1. We should handle scripture with respect. This means approaching the Bible as students of the text, with an open mind, seeking to be as aware as we can be of its context, as described above. Many modern editions of the Bible provide useful starting points in the form of introductions to books and historical, cultural and linguistic notes throughout the text. Reading a passage in more than one translation can help open our eyes to nuances and angles that we might otherwise miss. There is also a wealth of readily accessible commentaries that can help deepen our understanding. Needless to say, we should be particularly wary of proof-texting. Of course, reading the Bible in this way takes much more time and effort than simply dipping in and out as if it were no more than a divine lucky dip. But if we really want to hear what God would say to us through His word, we will consider the effort worthwhile.
2. We should see scripture primarily as a story. It is the story of God’s progressive revelation of Himself to His creation, and of His unceasing efforts to redeem and call out a people for Himself. My friend Randy, who blogs at Bible Study Geek, this morning posted the following overview of scripture as a great six-act drama (excerpted from Craig G. Bartholomew and Michael W. Goheen, The Drama of Scripture: Finding Our Place in the Biblical Story):
- Act 1 – God Establishes His Kingdom: Creation
- Act 2 – Rebellion in the Kingdom: Fall
- Act 3 – The King Chooses Israel: Redemption Initiated
- Scene 1 – A People for the King
- Scene 2 – A Land for His People
- Interlude – A Kingdom Story Waiting for an Ending: The Intertestamental Period
- Act 4 – The Coming of the King: Redemption Accomplished
- Act 5 – Spreading the News of the King: The Mission of the Church
- Scene 1 – From Jerusalem to Rome
- Scene 2 – And into All the World
- Act 6 – The Return of the King: Redemption Completed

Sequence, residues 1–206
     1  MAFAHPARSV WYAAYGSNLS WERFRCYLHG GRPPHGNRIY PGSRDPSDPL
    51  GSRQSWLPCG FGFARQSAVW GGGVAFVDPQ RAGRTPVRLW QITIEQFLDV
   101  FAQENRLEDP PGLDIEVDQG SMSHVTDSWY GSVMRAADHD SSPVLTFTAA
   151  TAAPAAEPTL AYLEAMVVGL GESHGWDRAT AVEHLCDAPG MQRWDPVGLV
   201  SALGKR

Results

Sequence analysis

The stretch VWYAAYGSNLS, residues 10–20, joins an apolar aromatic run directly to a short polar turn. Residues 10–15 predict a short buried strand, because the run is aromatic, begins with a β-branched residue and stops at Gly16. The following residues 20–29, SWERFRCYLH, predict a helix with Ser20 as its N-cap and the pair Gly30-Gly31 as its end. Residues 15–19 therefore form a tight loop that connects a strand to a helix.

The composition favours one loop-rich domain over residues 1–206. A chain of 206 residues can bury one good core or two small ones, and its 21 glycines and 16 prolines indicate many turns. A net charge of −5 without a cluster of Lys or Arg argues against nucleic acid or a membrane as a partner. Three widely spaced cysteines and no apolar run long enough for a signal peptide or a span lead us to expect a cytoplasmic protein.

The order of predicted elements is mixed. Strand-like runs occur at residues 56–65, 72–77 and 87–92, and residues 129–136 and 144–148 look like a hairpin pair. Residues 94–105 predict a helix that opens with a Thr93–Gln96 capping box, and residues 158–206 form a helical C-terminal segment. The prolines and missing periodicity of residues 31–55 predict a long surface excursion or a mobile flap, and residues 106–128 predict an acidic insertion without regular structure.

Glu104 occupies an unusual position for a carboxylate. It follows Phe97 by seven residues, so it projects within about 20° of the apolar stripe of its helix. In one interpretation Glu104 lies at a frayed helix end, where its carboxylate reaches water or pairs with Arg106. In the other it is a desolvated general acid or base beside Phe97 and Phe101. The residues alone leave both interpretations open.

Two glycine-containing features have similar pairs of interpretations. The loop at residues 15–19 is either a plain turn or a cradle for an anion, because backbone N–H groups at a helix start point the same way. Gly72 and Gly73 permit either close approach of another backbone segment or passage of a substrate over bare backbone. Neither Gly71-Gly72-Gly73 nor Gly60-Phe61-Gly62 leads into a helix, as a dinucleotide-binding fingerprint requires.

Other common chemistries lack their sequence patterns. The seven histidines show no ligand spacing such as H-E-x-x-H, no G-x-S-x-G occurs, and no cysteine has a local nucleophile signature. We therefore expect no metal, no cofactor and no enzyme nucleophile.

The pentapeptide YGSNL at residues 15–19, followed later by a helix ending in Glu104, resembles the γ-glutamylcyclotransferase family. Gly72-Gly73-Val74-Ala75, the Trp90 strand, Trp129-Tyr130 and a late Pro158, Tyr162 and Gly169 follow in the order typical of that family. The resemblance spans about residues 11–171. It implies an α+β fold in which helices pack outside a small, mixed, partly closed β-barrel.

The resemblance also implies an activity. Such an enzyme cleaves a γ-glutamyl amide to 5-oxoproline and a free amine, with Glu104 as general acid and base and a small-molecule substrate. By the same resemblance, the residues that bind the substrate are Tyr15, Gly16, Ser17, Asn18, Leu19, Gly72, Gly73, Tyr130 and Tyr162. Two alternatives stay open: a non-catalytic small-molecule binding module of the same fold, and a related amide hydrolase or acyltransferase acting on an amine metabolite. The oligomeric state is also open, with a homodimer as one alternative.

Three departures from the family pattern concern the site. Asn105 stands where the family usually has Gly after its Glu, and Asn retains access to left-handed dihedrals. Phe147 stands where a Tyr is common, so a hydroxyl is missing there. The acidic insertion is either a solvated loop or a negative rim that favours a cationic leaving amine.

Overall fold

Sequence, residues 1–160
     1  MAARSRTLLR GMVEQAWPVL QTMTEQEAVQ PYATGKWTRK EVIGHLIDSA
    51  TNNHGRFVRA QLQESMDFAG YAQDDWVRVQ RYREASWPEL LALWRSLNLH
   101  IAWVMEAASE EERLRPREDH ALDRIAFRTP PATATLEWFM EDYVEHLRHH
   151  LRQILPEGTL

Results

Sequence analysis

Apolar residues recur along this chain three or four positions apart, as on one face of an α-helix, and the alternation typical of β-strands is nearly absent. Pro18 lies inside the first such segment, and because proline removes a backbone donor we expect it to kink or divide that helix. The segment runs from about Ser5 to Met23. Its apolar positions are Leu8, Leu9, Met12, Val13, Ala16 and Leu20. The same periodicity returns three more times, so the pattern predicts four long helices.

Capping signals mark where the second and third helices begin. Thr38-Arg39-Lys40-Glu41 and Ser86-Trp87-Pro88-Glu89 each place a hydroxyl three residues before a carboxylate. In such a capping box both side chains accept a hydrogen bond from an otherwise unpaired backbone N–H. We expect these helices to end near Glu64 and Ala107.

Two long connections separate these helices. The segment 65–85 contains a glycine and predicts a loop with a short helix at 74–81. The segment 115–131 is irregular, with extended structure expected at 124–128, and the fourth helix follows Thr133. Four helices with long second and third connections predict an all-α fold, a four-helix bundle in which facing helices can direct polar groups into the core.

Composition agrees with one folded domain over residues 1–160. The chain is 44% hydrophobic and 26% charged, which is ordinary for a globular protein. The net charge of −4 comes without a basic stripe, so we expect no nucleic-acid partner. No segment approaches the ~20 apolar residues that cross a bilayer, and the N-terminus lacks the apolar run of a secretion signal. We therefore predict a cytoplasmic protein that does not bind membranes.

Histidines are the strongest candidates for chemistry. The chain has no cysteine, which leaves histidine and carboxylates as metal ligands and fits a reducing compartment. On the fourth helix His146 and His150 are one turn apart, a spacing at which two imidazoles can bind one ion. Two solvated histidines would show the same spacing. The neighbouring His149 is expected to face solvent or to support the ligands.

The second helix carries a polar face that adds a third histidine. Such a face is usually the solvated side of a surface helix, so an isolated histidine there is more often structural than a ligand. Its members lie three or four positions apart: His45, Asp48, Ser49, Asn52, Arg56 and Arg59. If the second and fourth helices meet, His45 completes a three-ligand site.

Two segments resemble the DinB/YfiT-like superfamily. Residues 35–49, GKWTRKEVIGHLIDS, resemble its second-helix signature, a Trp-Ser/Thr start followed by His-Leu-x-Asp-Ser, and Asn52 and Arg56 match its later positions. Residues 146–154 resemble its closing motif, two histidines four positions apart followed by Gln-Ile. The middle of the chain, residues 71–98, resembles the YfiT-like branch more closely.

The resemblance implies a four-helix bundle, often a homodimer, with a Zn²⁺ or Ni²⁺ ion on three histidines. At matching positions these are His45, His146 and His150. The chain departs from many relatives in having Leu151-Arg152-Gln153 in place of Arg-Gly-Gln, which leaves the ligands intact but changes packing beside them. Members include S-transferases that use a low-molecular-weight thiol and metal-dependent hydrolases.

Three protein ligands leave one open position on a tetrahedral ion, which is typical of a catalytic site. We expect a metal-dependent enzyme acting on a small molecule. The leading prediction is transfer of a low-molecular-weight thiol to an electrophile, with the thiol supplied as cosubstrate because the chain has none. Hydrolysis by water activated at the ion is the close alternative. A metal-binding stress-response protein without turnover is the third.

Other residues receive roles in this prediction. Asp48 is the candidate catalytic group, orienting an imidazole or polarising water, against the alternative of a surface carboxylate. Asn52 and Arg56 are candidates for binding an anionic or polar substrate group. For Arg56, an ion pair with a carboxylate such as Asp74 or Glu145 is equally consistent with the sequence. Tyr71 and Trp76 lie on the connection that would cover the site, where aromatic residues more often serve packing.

Being aware of the narrative arc of scripture, as outlined above, creates a platform for understanding God’s great redemptive purposes in history, and helps us situate our own lives within the much larger cosmic story that is unfolding. This is particularly important in an age in which the governing paradigm is individualism.
3. We should remember that the Bible is the written word of God, but Jesus is the Eternal Word of God. In our enthusiasm to hold up the Bible as the final authority in matters of life and faith, we have often inadvertently elevated it to the status of a fourth member of the trinity. The purpose of the sacred text is to point to Jesus; it is only sacred because it does so. The full and final revelation of what God is like is not found in any historical text; it is found in the person of Jesus Christ (Hebrews 1:1-4). Bearing this in mind will do wonders for our biblical interpretation, particularly when it comes to some of the more troublesome depictions of God found in the Old Testament.
In conclusion, I encourage you to read this classic post by the late Michael Spencer (otherwise known as the Internet Monk), in which he winsomely lays out the pitfalls of biblical abuse as well as holding up the true beauty and value of scripture when handled rightly. Let me leave you with one of his final paragraphs:
Christians aren’t engineers, learning every mechanical aspect of the engine we call Christianity. We are those invited to glorify God by embracing and enjoying all that He is for us in Jesus. The message of the New Testament should inspire us to the poetry, song, celebration and sacrifice of that fact. We are not examining the engine manual of a BMW to see what’s wrong with us. We are looking at a newspaper with a banner headline: Jesus Christ is Lord!!